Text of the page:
Taking a Stand against Street Harassment: WILL Chalk Out

eMaureen Evans Arthurs 2013cMaureen Evans Arthurs ’13, Gender and Women’s Studies, serves on the National Student Advisory Council for the American Association of University Women.

“Why don’t you show us what’s underneath that towel, baby?”

I heard this shouted from a car of four young men, no older than 19, hanging out the window, being obnoxious. I had been walking home alone one summer afternoon after swim practice in my suburban neighborhood and immediately looked around to see if anyone else was walking near me when I realized I was alone, ashamed, and powerless. I’d like to think if I had been older, I would have been less afraid or maybe even shouted something back. But I was 13, relatively quiet, and awkwardly uncomfortable in most settings, let alone one I had just been harassed in. Back then, I never realized there was a term for what I had experienced (street harassment) nor that there was an impending movement to educate about it and eradicate it.

This was the start of a personal story I shared on the AAUW Community blog in recognition of Meet Us on the Street, an annual week of anti-street-harassment activism, held April 7–13 this year. The campaign serves as a platform for activism, discussions and demonstrations around the world, for women and men to advocate for safer spaces that are free of catcalling, groping and lewd gestures. At UMBC, the group WILL (Women Involved in Learning and Leadership) hosted Chalk Outs and conducted a survey to gauge students’ perceptions of safety and street harassment on campus.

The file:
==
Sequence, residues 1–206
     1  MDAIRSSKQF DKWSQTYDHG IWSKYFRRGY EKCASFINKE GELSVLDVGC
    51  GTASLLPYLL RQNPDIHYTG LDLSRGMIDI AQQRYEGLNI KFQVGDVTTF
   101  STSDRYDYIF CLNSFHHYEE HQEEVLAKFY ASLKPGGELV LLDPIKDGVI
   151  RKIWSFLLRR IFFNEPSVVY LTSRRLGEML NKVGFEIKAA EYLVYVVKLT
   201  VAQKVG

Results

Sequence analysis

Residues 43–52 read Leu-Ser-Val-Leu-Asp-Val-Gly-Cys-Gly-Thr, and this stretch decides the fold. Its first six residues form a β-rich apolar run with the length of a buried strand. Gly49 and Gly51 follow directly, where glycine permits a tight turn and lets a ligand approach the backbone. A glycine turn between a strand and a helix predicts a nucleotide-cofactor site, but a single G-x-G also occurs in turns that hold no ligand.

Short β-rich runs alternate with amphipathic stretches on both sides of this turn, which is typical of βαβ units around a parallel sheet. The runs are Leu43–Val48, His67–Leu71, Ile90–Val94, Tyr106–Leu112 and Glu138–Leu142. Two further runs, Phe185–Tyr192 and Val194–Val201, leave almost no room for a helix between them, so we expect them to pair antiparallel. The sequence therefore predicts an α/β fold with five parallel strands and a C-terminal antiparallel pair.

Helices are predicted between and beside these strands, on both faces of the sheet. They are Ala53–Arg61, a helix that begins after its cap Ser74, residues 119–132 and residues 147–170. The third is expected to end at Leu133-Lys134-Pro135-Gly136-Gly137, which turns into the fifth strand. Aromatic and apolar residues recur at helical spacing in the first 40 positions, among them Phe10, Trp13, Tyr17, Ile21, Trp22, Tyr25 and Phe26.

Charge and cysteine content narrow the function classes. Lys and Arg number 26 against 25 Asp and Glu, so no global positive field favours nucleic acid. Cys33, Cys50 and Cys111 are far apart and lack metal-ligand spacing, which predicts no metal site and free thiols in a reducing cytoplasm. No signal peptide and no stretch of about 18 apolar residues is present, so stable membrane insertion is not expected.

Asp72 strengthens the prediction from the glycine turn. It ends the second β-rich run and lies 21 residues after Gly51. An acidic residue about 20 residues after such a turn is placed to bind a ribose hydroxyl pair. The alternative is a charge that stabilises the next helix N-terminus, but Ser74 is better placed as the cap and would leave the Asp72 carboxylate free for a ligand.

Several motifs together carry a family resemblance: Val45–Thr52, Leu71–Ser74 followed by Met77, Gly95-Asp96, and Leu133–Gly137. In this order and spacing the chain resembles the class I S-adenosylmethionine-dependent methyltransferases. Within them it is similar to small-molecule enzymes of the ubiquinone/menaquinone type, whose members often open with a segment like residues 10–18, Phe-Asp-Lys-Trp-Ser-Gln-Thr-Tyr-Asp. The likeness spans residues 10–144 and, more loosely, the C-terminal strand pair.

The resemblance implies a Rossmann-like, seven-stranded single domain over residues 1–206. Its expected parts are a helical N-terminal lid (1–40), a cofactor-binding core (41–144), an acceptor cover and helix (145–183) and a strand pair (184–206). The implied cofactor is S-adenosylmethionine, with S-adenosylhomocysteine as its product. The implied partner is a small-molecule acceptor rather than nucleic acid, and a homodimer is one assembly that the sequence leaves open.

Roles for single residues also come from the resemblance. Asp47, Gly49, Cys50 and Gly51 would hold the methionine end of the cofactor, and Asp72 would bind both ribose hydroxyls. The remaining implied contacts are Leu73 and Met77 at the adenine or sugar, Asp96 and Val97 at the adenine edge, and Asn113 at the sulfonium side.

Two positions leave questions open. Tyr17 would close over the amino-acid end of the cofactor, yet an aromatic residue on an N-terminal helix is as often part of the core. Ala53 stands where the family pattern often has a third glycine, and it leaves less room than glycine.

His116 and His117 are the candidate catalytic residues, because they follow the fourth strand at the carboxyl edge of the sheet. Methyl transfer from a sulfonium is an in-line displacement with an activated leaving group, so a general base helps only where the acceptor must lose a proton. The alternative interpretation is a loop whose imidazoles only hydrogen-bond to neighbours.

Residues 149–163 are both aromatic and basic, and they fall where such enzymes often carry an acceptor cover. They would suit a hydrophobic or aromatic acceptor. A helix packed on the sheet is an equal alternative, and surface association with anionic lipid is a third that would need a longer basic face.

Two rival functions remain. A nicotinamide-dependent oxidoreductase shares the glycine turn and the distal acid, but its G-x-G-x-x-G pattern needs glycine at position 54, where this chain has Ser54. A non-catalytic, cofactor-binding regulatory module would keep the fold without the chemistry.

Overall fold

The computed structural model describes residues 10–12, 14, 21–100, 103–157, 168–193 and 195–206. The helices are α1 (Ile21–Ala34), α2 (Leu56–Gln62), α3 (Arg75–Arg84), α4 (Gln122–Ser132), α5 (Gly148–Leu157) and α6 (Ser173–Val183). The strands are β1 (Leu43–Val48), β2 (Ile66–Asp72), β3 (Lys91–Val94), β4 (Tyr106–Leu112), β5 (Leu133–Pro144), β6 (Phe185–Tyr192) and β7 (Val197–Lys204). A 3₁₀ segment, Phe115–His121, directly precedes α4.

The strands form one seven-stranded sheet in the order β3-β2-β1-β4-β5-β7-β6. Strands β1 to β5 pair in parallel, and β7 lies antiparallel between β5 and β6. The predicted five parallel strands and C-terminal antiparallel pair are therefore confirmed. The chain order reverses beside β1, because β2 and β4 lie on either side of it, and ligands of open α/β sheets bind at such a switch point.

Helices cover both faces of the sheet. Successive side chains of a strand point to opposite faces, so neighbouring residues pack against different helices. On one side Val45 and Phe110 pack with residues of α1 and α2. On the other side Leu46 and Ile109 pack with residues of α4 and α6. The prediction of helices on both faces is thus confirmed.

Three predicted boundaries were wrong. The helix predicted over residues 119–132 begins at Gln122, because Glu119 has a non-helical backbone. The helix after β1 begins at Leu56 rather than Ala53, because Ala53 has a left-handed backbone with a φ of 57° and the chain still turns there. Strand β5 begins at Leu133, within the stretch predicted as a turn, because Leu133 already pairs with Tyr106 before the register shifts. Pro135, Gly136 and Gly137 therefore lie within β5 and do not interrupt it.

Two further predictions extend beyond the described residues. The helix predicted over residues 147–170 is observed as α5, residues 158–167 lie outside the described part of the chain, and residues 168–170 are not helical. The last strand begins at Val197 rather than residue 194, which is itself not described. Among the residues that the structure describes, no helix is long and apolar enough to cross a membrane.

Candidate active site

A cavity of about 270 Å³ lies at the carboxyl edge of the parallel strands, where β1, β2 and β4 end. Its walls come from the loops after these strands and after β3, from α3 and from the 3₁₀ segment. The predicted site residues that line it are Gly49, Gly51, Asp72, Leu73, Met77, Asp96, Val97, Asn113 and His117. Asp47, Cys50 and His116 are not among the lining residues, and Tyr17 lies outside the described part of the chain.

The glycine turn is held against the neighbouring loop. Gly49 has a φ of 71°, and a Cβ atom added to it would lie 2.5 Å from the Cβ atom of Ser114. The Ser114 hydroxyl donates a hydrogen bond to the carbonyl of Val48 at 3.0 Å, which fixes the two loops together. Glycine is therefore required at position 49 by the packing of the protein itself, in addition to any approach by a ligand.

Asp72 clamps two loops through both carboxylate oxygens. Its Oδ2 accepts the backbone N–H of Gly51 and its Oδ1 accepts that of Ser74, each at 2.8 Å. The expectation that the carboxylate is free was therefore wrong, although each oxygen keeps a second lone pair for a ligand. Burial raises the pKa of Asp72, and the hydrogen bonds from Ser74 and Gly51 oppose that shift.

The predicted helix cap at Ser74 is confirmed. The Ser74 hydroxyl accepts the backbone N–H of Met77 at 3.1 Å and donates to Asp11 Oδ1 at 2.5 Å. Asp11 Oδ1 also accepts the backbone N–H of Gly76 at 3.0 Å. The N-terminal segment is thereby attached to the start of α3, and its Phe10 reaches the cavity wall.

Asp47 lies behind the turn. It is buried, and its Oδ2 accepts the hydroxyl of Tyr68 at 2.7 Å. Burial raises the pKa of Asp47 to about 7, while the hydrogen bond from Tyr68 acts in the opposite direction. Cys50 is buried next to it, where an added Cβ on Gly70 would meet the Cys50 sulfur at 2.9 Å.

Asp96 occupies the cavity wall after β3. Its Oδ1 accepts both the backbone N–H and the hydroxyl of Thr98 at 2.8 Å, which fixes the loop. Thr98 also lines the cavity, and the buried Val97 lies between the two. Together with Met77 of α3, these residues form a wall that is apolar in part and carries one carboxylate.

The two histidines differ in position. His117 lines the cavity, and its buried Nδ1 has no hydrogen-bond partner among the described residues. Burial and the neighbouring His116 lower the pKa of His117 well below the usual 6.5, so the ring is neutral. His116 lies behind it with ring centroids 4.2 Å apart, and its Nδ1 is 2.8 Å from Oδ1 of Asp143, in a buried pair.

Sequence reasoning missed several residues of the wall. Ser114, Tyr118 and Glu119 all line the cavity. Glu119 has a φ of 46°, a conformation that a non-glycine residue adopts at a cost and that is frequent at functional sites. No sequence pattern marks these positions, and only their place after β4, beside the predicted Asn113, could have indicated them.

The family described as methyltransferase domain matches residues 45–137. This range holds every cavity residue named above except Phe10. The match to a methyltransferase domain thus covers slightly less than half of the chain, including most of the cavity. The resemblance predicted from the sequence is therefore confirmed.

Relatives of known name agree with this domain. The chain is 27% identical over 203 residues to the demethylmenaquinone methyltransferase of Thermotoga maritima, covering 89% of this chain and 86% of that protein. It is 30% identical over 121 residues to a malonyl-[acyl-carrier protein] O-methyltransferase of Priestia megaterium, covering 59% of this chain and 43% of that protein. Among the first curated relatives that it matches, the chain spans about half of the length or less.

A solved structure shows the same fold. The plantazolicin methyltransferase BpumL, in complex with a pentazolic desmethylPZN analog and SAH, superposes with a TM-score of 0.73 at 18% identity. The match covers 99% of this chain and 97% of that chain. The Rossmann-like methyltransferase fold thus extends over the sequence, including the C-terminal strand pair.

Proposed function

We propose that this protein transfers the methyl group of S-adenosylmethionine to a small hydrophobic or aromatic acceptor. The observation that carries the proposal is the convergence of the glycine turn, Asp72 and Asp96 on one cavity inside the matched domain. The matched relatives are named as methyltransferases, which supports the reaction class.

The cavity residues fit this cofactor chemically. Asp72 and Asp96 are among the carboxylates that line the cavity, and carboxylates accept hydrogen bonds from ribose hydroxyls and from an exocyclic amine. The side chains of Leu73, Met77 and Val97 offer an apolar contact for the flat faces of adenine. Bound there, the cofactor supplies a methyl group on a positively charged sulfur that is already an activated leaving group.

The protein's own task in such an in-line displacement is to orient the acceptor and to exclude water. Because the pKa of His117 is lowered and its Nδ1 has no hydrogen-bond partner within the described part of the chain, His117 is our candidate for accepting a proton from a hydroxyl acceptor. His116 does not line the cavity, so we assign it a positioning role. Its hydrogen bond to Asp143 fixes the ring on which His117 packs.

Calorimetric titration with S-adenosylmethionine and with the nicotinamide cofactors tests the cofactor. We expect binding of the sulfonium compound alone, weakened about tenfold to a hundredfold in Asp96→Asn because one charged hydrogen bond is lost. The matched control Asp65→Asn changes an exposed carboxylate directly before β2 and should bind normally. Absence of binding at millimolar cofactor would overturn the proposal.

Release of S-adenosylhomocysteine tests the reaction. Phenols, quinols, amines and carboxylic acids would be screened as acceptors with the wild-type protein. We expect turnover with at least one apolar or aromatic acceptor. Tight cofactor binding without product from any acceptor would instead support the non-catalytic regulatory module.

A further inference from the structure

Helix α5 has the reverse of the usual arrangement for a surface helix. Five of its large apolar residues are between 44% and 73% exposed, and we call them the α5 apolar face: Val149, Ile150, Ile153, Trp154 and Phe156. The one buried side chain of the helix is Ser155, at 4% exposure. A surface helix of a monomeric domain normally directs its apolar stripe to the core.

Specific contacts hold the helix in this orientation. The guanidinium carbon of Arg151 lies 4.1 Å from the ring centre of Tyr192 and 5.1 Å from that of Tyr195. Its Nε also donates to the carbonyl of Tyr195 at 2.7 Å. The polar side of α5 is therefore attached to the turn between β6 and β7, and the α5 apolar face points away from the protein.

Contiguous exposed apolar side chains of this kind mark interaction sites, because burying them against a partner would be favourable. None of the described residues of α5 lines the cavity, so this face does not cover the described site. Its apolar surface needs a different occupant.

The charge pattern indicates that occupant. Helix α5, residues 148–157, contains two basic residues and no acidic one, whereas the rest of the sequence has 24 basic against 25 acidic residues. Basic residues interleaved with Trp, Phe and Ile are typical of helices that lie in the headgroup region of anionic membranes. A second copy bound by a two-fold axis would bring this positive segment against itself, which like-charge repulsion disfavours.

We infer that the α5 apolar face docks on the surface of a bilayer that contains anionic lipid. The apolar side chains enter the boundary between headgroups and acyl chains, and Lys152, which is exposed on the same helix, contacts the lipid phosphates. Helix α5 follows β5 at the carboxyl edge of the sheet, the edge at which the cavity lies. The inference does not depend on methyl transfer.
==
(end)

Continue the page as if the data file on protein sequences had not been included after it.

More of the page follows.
Diane Nnaemeka writes, “Calling me sweet cheeks ain’t cute.” Photo by Maureen Evans Arthurs

Diane Nnaemeka writes, “Calling me sweet cheeks ain’t cute.” Photo by Maureen Evans Arthurs

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Women in Politics!

UMBC’s Women Involved in Learning and Leadership (WILL) will host a panel discussion this Wednesday, October 10, called “Women in Politics!,” featuring campus, state and national leaders (7:00 p.m., Lecture Hall 4). Kelly Martin Broderick and Cassandra Morales, UMBC undergraduates who are among WILL’s co-leaders, tell the story of their inspiration to plan and host the event.

WILL (Women Involved in Learning and Leadership) students are committed to bringing issues of gender equality to light in addition to actively working to resolve these issues. Within our group, we have maintained an equal-power structure, in which no member, including the co-leaders, has a bigger voice than the others. Most of all, WILL remains a safe space to talk about every day confrontations with gender inequality. WILL is a student group, but we are also supported by the GWST program and have a Living/Learning Community in Harbor Hall. If you are interested in WILL, please contact Kate Drabinski in the GWST Program.

Cassandra reflects:  

This past June, WILL’s co-leaders participated in the United States National Committee-United Nations Women conference at George Washington University. The final panel focused on why it was important for more women to be in politics. The panelists discussed obstacles women face in politics, including the fact that when a woman is asked to run for office, she has to be asked three to five different times before she even seriously considers it. This is a significant statistic because a man barely has to be asked; all it takes is being approached once. This is why when asked what advice she would give to women, Erin Prangley, the Associate Director of Government Relations for the American Association of University Women (AAUW), simply stated “RUN. FOR. OFFICE.” This was repeated four more times—encouraging every woman at the conference to get out there and run for office. It doesn’t matter how big or little the election, just get out there and get on a ballot. [Read more…]